The seminar participants, representing 12 civic human rights organizations from different regions of Ukraine, discussed the opportunities presented by the CAJU and the Law “On enforcing the judgments and applying case law of the European Court of Human Rights”.  They drew up plans for join actions to appeal against present normative legal acts which impinge on human rights, and  also had training sessions on actual ways of applying the Code of Administrative Justice.

Valeriya Lutkovska, former Ukrainian Government representative at the European Court of Human Rights, pointed out the enormous importance for Ukraine of the implementation of the norm in Article 17 of the Law on enforcing the judgments and applying case law of the European Court of Human Rights, with this stating that Ukrainian “courts shall when considering cases apply the European Convention and the case law of the European Court as sources of law”.  Ms Lutkovska believes that appeals to local courts on the basis of judgments of the European Court of Human Rights will enhance the legal culture of Ukrainian judges. Moreover the mandatory expert analysis established by the new Law of any draft normative acts to check their conformity with the requirements of the European Convention for the Protection of Human Rights and Fundamental Freedoms, as well as periodic monitoring of current legislation in accordance with the evolving case law of the European Court should bring Ukrainian legislation closer to European standards in the area of human rights.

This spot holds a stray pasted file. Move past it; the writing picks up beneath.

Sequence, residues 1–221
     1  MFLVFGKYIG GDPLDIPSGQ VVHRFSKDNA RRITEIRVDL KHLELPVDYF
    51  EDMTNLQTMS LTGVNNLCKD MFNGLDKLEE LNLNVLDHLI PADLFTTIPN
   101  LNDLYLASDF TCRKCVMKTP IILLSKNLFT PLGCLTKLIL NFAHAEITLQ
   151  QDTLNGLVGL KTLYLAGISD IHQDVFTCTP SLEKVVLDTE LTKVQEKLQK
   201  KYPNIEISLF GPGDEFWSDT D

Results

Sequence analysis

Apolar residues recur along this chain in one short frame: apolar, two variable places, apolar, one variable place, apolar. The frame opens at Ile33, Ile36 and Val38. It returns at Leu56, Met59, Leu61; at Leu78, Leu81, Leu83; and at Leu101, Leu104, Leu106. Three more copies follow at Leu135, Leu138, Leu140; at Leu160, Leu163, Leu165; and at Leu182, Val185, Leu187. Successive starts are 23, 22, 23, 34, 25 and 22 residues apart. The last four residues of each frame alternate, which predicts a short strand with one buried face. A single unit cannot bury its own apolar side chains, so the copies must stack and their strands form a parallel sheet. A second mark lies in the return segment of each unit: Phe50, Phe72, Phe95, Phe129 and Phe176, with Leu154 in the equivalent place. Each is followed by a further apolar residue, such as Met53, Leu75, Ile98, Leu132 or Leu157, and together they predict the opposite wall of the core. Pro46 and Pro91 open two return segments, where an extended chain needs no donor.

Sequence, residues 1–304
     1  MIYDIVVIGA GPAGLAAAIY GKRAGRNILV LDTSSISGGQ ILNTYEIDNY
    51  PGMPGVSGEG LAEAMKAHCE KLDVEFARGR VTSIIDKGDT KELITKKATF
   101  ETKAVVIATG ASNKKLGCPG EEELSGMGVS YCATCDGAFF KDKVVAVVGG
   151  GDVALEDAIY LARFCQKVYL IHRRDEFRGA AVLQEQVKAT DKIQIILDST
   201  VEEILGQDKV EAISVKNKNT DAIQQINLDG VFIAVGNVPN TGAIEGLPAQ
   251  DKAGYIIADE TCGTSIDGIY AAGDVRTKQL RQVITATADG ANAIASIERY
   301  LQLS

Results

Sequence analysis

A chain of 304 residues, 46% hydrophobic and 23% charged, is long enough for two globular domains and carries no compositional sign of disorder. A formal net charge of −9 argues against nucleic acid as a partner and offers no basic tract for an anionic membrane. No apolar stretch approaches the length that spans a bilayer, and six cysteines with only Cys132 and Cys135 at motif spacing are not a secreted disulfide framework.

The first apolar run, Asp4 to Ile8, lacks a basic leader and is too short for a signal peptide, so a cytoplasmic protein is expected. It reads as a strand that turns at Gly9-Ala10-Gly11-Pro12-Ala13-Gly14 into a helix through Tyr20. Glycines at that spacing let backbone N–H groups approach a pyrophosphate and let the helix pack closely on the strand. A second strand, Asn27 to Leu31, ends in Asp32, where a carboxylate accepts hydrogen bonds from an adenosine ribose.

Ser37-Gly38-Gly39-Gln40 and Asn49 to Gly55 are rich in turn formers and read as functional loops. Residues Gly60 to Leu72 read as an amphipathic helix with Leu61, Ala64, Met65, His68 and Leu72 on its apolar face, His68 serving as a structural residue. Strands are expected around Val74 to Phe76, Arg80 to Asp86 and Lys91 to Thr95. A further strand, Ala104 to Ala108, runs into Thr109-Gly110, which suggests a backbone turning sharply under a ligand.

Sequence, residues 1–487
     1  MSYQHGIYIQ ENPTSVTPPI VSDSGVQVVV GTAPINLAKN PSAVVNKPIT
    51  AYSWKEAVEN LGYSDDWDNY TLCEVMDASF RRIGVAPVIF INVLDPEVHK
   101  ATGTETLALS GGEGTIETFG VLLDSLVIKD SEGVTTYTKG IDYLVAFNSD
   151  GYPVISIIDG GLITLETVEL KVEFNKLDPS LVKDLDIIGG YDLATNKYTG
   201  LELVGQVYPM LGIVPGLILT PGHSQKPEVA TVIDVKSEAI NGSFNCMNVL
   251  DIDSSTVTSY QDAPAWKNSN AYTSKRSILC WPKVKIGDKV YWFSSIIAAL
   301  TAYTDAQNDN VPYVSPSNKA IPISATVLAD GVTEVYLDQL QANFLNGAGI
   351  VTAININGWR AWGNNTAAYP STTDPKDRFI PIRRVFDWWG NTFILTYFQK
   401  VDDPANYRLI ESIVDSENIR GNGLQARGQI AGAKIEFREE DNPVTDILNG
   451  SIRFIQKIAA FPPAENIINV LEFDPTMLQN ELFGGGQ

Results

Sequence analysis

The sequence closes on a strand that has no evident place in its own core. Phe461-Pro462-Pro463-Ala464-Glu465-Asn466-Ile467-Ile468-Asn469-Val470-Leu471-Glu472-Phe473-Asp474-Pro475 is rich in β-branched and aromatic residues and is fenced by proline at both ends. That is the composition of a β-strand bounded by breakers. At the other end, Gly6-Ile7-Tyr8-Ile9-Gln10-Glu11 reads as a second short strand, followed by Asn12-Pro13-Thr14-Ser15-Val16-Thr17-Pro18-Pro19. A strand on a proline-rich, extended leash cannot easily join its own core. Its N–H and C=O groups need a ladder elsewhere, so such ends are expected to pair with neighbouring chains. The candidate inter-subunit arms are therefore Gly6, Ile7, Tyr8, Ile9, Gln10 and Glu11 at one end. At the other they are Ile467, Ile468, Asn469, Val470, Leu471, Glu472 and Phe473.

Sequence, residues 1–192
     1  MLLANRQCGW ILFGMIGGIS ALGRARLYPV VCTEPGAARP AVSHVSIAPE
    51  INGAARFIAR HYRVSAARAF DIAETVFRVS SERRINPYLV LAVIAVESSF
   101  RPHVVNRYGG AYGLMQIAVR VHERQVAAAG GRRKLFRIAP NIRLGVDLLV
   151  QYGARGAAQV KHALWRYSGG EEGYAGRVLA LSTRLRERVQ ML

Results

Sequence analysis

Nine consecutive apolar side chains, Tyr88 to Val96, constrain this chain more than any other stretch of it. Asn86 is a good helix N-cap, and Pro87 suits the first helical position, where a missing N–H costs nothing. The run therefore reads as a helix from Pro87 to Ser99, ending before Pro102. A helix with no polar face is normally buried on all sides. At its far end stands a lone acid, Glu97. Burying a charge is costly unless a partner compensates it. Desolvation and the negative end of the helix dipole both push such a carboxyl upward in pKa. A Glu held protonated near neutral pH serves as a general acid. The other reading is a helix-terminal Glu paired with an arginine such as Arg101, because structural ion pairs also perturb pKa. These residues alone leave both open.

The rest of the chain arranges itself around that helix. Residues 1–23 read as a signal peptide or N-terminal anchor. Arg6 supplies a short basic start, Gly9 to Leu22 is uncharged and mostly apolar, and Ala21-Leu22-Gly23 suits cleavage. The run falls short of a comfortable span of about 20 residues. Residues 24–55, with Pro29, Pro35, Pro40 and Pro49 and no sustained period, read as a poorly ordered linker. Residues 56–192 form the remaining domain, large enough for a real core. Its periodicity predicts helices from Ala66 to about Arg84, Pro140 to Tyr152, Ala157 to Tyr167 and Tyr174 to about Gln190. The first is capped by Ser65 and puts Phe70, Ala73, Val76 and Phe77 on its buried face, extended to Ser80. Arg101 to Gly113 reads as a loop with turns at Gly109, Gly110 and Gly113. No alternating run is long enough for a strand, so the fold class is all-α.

“Ideally, if Ukrainian judges when handing down judgment apply the European Convention, then there will cease to be a need for our fellow citizens to approach the European Court”, Valeriya Lutkovska stressed.

However at the present time most judges and state officials (the future respondents) are not familiar with the case law of the European Court, and this problem can only be resolved through the joint efforts of human rights groups, the judiciary and interested state bodies.

The Co-Chair of KHPG, Yevhen Zakharov in his address noted that Article 8 of the Code of Administrative Justice contains a norm stating that the administrative “court shall apply  the principle of the rule of law while taking into account the case law of the European Court of Human Rights”.  A new project to be coordinated by the Kharkiv Human Rights Protection Group will be aimed at gaining experience in the practical implementation of the new opportunities for protecting human rights which these two progressive normative legal acts now having come into force present.  Within the framework of this project representatives of human rights organizations will be sending state authorities and bodies of local self-government formal requests for information asking about the observance of human rights in various regions of Ukraine. In the event of an unlawful refusal to provide this information, court administrative suits will be lodged against the institutions which have thus infringed legislation. It is also planned to lodge complaints against certain normative acts which infringe the rights and legitimate interests of Ukrainian citizens.

As a result of annual monitoring of the situation with human rights and fundamental freedoms, the next nationwide report “Human rights in Ukraine – 2006” will be compiled, with the participation of all the non-governmental organizations taking part in the seminar.

 Share this